Pierre Garcon, Robert Griffin III Using OTAs To Build Relationship
ASHBURN – Pierre Garçon had little difficulty catching passes from Peyton Manning when the two played together in Indianapolis over the past four years. Now he’s hoping a similar bond can be forged between himself and Robert Griffin III in Washington this spring.
The Redskins’ two marquee additions are expected to be offensive leaders for years to come after Garçon signed as a free agent in March and Griffin was chosen No. 2 overall in the NFL Draft in April.
But before they can do so, they’ll need to learn to work together to learn the offense and develop a connection – a process that has already begun as the Redskins proceed through voluntary workouts this spring.
Thus far, each player is pleased with the other.
“He’s got a very strong arm,” Garçon said Thursday after the team wrapped up a 90-minute practice at Redskins Park. “He’s athletic. He is picking up on the playbook very quickly. … He has a very strong arm, and once he gets everything down pat, he will be a very dangerous quarterback.”
That’s something Garçon knows quite a bit about. The 6-foot, 210-pound receiver broke into the league with Manning under center for the Colts, who qualified for the playoffs in each of Garçon’s first three years in the NFL.
A secondary option for Indianapolis during his time with the team, the Redskins signed Garçon to a five-year, $42.5 million contract in March to be their top option. Between he, fellow free agent signee Joshua Morgan and Leonard Hankerson, entering his second year, head coach Mike Shanahan believes Griffin has his targets for the future.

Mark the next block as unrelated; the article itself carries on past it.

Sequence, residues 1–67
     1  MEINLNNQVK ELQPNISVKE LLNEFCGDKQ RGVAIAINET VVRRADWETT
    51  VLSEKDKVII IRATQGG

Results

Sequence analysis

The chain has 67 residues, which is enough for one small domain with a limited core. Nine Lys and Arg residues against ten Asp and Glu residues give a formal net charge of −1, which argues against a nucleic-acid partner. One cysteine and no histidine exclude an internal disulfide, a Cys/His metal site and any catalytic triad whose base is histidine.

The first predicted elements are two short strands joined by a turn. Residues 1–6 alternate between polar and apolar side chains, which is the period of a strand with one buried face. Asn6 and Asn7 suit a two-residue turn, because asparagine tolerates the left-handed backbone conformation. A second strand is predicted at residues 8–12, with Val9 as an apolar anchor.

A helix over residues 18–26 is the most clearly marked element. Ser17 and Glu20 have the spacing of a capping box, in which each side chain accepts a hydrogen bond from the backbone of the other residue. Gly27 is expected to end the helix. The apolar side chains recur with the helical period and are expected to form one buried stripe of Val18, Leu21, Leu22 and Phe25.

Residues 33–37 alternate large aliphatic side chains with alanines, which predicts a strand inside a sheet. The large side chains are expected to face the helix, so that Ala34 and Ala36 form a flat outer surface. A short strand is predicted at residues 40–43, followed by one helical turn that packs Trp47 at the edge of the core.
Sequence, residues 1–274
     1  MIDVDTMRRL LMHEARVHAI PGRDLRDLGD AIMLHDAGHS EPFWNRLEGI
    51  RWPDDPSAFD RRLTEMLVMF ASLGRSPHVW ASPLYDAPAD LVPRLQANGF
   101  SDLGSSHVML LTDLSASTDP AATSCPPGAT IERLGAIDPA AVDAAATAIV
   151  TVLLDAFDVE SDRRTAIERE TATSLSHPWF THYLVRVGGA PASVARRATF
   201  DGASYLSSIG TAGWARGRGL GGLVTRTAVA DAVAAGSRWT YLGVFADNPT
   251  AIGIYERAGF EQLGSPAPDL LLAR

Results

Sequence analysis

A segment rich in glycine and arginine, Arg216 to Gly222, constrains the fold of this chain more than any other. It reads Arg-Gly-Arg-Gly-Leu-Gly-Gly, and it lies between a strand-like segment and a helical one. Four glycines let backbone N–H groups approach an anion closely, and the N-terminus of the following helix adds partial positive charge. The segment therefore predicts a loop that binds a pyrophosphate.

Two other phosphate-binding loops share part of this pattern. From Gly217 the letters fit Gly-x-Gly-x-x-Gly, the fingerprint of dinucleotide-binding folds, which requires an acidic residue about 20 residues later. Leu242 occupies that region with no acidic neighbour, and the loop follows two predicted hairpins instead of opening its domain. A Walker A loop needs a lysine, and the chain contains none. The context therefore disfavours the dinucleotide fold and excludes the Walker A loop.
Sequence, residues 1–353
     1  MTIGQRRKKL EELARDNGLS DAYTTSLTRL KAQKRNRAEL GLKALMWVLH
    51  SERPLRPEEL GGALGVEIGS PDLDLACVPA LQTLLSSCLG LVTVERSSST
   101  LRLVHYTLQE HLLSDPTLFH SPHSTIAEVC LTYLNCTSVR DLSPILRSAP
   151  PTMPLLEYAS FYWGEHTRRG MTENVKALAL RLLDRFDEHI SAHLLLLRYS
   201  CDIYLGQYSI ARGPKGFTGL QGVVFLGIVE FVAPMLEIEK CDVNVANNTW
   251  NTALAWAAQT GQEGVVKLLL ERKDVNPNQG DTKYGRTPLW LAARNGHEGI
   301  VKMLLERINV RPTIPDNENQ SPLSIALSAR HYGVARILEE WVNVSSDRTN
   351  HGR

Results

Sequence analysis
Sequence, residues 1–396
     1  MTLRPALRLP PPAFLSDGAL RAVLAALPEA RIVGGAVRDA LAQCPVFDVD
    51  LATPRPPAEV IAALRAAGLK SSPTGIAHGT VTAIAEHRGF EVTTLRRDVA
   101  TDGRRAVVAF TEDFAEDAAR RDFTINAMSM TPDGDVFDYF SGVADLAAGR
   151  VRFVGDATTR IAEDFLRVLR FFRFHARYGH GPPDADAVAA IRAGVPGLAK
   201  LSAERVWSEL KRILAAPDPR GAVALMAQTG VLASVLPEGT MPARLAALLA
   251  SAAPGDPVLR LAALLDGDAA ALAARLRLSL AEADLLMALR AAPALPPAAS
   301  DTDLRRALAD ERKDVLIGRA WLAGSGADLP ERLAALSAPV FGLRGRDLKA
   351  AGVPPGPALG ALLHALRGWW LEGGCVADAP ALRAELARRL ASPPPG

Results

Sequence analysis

“I think it’s a great combination, and I’d rather have it that way than me coming in by myself and being the only guy that doesn’t know the offense,” Griffin said.
Shanahan held Garçon in high regard entering free agency for his hands, his speed and his strength, but also because Garçon has demonstrated the ability to consistently pick up yards after the catch.
It’s something that Garçon takes as a source of pride.
“I just like making plays, so every time I get the ball in my hands, I want to make the best play or biggest play that I can,” said Garçon, who had a career-high 947 yards last season, even with Manning missing the season because of injury. “Just going down isn’t the best thing. Sometimes it’s the smartest thing to do, but sometimes you have to go out as a competitor and get more yards, and push yourself to the limit and do what you can for the little opportunity you have with the ball.”
Morgan should provide strength and reliability to the receiving corps this fall, much in the same way Jabar Gaffney, the Redskins’ leading receiver in 2011, was able to do. The 6-foot-2 Hankerson is revered for his playmaking ability, and a cast of other receivers held over from previous seasons – mainstay Santana Moss, Anthony Armstrong, Aldrick Robinson and Brandon Banks amongst them – should give Griffin plenty of capable targets.
“We have a good receiving corps,” Garçon said. “Those guys are good and fast and athletic. And we have a lot of young guys that are very fast as well and athletic. We just have to find a place for them on the team and get it going.”